The snack and bakery product tastes of modern consumers are always evolving. While the public might be clamoring for gluten-free items now, for example, they might be more inclined to choose gluten-full items down the road. 

As consumers’ products change, bakery technology like dough handling equipment typically is expected to change along with it. Snack Food & Wholesale Bakery recently touched base with technology providers to check in on what’s happening, and what’s coming, with dough handling.

Dough handling trends

Changes in demand, new product innovations, market conditions, and myriad other factors stand to impact dough handling equipment. According to Jamie Bobyk, marketing consultant, Apex Motion Control, automated technology is important and will only become more vital in the future.

“Aside from advances in traditional dough handling equipment—like rounders, molders, mixers, and dough conditioning that allow for optimum elasticity and extensibility, and the ability to handle gluten free, keto, and artisan style doughs—cobots in particular are becoming a popular choice for catching pre-risen dough balls from conveyors onto trays, as well as moving fully loaded oven ready pans to the conveyor on the way to the oven,” says Jamie Bobyk, marketing consultant, Apex Motion Control. “Cobots have proven to be more than capable workers that filled the gaps left by labor shortages.”

Nico Roesler, North American pretzel and snack equipment sales manager, Reading Bakery Systems, says automation is increasingly of interest to bakery producers when considering equipment needs.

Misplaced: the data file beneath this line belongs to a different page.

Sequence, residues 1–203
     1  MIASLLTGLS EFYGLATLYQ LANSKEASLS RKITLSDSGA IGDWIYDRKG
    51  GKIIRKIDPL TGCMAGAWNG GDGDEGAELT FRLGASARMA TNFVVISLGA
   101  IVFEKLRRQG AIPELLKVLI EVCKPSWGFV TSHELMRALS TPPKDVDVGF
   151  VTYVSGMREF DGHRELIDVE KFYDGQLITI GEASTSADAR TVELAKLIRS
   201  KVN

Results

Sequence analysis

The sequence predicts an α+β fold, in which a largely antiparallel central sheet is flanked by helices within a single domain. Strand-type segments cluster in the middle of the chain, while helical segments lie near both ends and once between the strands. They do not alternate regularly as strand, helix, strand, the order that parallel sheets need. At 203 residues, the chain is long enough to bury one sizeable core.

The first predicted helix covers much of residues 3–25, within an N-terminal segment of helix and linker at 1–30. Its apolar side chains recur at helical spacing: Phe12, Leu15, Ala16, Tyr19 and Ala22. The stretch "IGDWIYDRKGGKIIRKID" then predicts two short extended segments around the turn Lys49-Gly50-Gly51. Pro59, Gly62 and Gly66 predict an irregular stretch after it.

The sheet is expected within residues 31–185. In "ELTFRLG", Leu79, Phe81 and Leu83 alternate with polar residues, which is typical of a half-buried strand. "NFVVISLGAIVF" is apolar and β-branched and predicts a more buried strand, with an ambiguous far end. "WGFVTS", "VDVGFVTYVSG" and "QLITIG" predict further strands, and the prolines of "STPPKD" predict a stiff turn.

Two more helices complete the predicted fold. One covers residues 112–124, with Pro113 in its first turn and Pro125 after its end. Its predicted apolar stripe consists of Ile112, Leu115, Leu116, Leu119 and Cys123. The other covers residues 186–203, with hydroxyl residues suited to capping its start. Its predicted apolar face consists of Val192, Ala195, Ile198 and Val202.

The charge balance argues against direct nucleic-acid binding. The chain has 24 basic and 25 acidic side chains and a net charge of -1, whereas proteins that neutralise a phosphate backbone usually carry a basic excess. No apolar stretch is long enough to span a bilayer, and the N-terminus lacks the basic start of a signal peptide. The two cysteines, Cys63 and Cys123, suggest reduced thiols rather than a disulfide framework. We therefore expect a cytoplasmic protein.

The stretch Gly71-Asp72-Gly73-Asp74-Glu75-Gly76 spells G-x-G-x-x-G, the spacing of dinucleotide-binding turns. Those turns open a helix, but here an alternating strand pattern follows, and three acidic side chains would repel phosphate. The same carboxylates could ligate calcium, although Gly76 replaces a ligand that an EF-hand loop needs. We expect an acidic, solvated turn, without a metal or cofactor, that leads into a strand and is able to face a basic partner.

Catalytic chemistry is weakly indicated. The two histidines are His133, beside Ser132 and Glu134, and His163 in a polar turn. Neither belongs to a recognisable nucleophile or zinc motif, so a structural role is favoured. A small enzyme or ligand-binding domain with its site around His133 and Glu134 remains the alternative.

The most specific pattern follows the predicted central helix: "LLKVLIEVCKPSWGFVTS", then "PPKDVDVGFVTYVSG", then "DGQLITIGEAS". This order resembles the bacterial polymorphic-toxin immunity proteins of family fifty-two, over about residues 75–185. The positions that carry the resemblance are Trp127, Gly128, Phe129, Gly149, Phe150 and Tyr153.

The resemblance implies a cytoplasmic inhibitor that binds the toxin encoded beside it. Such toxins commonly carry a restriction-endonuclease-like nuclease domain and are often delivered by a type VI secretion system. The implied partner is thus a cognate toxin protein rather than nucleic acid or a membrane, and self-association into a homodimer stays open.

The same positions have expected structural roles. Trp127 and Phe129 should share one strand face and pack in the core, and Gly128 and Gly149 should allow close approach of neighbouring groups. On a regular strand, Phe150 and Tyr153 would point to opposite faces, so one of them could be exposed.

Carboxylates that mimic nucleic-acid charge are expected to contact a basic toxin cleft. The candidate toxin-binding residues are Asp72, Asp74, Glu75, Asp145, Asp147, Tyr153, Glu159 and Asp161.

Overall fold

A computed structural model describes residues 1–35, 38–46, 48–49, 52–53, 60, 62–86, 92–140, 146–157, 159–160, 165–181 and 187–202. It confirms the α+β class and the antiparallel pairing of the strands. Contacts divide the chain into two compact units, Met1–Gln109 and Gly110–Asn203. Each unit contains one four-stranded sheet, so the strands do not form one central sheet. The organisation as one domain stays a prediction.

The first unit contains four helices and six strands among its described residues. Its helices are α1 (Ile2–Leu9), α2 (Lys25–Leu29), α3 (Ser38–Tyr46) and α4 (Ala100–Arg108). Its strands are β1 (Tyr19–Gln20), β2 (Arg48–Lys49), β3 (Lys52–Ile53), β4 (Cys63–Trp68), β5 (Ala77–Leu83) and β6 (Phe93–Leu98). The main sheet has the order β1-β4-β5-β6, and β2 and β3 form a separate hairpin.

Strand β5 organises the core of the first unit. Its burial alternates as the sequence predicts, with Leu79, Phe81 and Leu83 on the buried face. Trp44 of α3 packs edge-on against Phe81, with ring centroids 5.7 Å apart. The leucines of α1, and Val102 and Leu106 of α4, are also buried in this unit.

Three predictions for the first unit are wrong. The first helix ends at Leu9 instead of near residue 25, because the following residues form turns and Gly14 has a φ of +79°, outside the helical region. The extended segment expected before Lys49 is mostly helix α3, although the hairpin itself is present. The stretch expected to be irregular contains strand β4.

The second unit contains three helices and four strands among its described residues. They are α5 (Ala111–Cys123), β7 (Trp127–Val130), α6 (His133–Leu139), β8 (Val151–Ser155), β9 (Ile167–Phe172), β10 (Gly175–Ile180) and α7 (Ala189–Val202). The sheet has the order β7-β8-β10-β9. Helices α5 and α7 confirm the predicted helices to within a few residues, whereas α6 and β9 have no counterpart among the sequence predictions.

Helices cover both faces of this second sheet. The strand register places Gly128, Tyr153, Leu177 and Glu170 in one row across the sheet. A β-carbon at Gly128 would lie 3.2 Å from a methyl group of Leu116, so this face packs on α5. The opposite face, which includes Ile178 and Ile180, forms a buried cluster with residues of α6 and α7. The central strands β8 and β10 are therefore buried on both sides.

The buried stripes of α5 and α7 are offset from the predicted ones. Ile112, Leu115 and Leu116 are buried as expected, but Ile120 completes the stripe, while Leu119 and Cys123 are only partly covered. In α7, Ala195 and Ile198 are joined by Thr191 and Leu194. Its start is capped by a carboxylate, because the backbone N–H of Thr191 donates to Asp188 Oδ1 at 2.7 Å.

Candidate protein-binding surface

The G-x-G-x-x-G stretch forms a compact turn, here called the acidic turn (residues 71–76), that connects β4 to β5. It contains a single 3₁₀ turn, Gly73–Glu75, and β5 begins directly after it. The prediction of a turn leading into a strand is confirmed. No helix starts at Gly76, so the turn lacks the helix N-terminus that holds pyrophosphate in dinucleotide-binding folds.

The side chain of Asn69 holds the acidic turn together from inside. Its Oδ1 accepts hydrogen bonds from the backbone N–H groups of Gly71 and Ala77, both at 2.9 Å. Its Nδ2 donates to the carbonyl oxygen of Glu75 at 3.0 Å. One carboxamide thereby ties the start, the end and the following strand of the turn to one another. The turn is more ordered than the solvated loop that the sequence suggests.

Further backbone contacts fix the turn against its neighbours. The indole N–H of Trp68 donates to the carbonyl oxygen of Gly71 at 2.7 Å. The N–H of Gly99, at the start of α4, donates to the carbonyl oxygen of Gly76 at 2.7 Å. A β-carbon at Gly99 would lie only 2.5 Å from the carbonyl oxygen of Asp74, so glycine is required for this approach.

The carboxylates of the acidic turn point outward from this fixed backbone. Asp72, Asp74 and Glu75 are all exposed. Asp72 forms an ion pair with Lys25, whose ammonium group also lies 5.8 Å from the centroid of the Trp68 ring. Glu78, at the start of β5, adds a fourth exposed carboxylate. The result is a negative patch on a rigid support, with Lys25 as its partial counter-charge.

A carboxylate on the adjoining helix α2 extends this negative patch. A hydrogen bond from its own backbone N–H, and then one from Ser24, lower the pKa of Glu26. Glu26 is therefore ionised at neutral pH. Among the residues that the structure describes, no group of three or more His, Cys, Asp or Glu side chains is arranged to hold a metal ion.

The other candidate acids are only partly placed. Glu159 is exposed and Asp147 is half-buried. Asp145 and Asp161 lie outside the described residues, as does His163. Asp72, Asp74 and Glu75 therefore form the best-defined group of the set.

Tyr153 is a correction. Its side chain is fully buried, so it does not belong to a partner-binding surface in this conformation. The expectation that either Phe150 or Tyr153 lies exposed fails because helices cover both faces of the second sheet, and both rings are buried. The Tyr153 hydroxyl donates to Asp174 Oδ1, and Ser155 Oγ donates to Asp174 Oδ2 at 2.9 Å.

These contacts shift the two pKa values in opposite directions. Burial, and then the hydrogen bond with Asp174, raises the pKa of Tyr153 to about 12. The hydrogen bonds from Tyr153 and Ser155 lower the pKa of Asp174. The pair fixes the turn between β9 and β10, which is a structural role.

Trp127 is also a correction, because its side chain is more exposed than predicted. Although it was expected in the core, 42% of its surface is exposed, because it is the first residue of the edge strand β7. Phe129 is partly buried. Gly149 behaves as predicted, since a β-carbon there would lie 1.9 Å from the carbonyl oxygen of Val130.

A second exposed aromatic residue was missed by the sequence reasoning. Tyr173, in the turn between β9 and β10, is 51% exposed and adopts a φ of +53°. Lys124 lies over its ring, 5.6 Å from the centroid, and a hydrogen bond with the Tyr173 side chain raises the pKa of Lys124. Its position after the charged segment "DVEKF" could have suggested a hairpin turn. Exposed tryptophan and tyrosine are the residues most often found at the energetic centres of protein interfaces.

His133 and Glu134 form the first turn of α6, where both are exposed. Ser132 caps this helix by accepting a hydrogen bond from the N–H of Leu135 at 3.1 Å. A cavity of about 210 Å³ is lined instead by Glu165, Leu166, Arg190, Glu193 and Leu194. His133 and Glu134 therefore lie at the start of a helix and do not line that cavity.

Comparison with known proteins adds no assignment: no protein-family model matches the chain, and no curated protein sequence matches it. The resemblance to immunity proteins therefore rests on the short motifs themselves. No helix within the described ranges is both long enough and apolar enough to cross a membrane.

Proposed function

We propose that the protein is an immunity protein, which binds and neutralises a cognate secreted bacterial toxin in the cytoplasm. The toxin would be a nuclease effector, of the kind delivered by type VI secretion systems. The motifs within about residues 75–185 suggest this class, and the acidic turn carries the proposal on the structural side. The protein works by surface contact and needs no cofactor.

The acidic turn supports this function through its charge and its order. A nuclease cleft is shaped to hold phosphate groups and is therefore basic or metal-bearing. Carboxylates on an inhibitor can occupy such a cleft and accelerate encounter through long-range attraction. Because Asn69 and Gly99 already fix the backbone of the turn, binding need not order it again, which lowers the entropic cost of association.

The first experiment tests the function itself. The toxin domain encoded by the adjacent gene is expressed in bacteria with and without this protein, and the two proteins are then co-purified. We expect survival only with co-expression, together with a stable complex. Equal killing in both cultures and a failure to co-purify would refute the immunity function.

“Operators are looking for automated solutions that provide flexibility and sanitary design,” he says. “We’re seeing increased interest in automation because it reduces the required labor in the dough handling part of the process. These jobs can be difficult for operators as they are usually dealing with large, heavy amounts of dough. Removing this type of work eliminates risk not only for product but also for people.” 

Ken Hagedorn, vice president for the bakery sector, Handtmann, offers that reliability (already a perennial concern to producers) is becoming a more significant focus.

“The production pressures of the last few years have made reliability even more important. Our customers have been addressing the added risks with more focus on the timeliness, quality, and their control over maintenance,” he advises, adding that preventative maintenance programs can help producers keep a handle on their operation, and keep their equipment running smoothly.

Product trend impact

Bobyk points out that while new dough handling equipment is expected to take care of products that fit into a current trend (for example, gluten-free and keto items), it also must be up to handling products in line with the next trend. 

“Generally speaking, new equipment is not designed for trends and fads,” he advises. “Existing equipment can be customized slightly to handle the small nuances in these non-traditional products.”

Roesler says that the particular product trends can create special demands upon a producer’s equipment, necessitating different parts and tech.

“Trending gluten-free doughs require some special considerations when thinking about dough handling,” Roesler says. “First, in mixing, the doughs may require different paddle or mixing element configurations to create a homogenous dough; this can be accomplished through batch or continuous mixing. In batch mixing, a dough may have to rest for long periods before it gets processed and baked; This can create inconsistent finished product and can negatively impact sheeting and processing.”

“Continuous mixing, however, creates dough that is first in first out and the time it takes to be mixed, processed, and baked never changes,” Roesler continues. “This means the dough does not have a chance to dry out more than it should while it sits in a hopper. Instead, it can be continuously fed into an extruder or sheeting system to create consistent results from start to finish.”